Variable Naming [was Re: [] catching $a, $b unnecessary my and maybe other things]

Shlomi Fish shlomif at
Mon Jun 7 03:43:47 PDT 2004

On Monday 07 June 2004 09:15, Yuval Yaari wrote:
> Shlomi Fish said:
> > On Sunday 06 June 2004 20:48, Yuval Yaari wrote:
> >> I said:
> >> > 1) I thought it's obvious. I've read about it so many times.
> >> > Personally, I hate people who give names like $a and $b (though I
> >>
> >> did it a few times and noticed that problem - but don't tell
> >> anyone). But it's a well known... bug (?) in strict because of
> >> functions such as sort.
> >>
> >> > 2) Did you try use diagnostics; ?
> >> > Also, use strict; use warnings; and/or use diagnostics; do not
> >>
> >> replace re-reading your code, or debugging it.
> >>
> >> > Though they usually solve all of my problems :)
> >>
> >> use diagnostics; didn't work.
> >> Keep us updated if you find something...
> >>
> >> As for what I said above, I don't really hate people who use $a and
> >> $b, I just prefer normal names for variables (and for crying out loud,
> >> your editor should auto-complete it for you so you write once and M-/
> >> later [sorry for being emacs-specific]).
> >
> > Well, naming variables is something that requires some thinking. For
> > once, I  disagree that giving variables long names is a healthy
> > practice, just because  your editor has auto-completion. You can't rely
> > on the editor having that  (joe, classic vi, etc.), and extremely long
> > variable names make the code more  difficult to read because less code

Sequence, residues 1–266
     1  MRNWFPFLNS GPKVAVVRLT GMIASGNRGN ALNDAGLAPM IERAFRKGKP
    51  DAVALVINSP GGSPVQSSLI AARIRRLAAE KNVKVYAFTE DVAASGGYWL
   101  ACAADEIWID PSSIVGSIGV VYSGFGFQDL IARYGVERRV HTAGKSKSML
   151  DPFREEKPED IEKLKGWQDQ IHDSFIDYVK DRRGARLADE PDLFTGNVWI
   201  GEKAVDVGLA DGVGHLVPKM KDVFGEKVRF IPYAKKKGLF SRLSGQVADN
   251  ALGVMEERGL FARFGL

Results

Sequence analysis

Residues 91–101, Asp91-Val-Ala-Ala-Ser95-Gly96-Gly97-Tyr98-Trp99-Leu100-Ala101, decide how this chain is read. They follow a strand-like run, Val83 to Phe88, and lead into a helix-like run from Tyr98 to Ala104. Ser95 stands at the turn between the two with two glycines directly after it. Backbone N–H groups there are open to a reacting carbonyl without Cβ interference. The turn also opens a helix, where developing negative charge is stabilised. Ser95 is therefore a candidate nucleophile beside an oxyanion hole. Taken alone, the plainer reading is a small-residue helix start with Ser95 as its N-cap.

> > can be fit on one line.
> A programmer should use an editor with auto-completion.

People should use an operating system that doesn't crash three times a day.

People should use a standards-compliant browser that doesn't have more 
security holes than Swiss cheese. (oh wait - most of them don't).

The Technion should teach a shell that wasn't shown to be considered harmful, 
and isn't loathed by any half-witted UNIX hacker. (oh wait - it doesn't).

Seriously now, not all editors implement auto-completion, just as not all 
editors have built-in functionality to read mail, browse the web or talk on 
the IRC. (;-)) Auto-completion is not yet considered a feature that every 
editor must have, much less a feature that all programmers use, or wish to 
use. Maybe some years from now this situations will change, but at the 
moment, I and many other people do not use auto-completion, or use editors 
that do not.

I don't think auto-completion is editor-bloat or creeping feuturism. It's a 
useful feature. However, it's still the programmer's choice to use it or need 
it. gvim, which I use daily, has many features that I don't utilize, even 
though they may be useful. So is auto-completion.

> Your editor is your power tool.

"power tool"... not again! A programmer's editor is one of his most commonly 
used tools. Whether it is a "power" tool, is debatable. Some people can draw 
well with a computer carying a host of very feature-ful, and sometimes very 
costy, computer graphics programs. Others can draw very well by using a 
pencil, or editing the SVG/EPS/whatever file directly. Would you call a 
pencil a power tool?

Similarly some people use Emacs or some complex IDE for their editing tasks, 
while others are using joe, classic vi, or some other feature-impaired 
editor. A code a programmer produces should be editable by all editors, not 
just those that have particular features. (auto-completion in our case)

> Names should be 20 chars long, but should describe it.

This sentence does not make sense. It's probably:

"Name should not be 20 chars long, but should describe it."

If so, then I agree.

> Also, if you find that your name isn't enough, but some comment near the
> first decleration.

Did you mean "put some comment". Yes, you're right about that. Albeit comments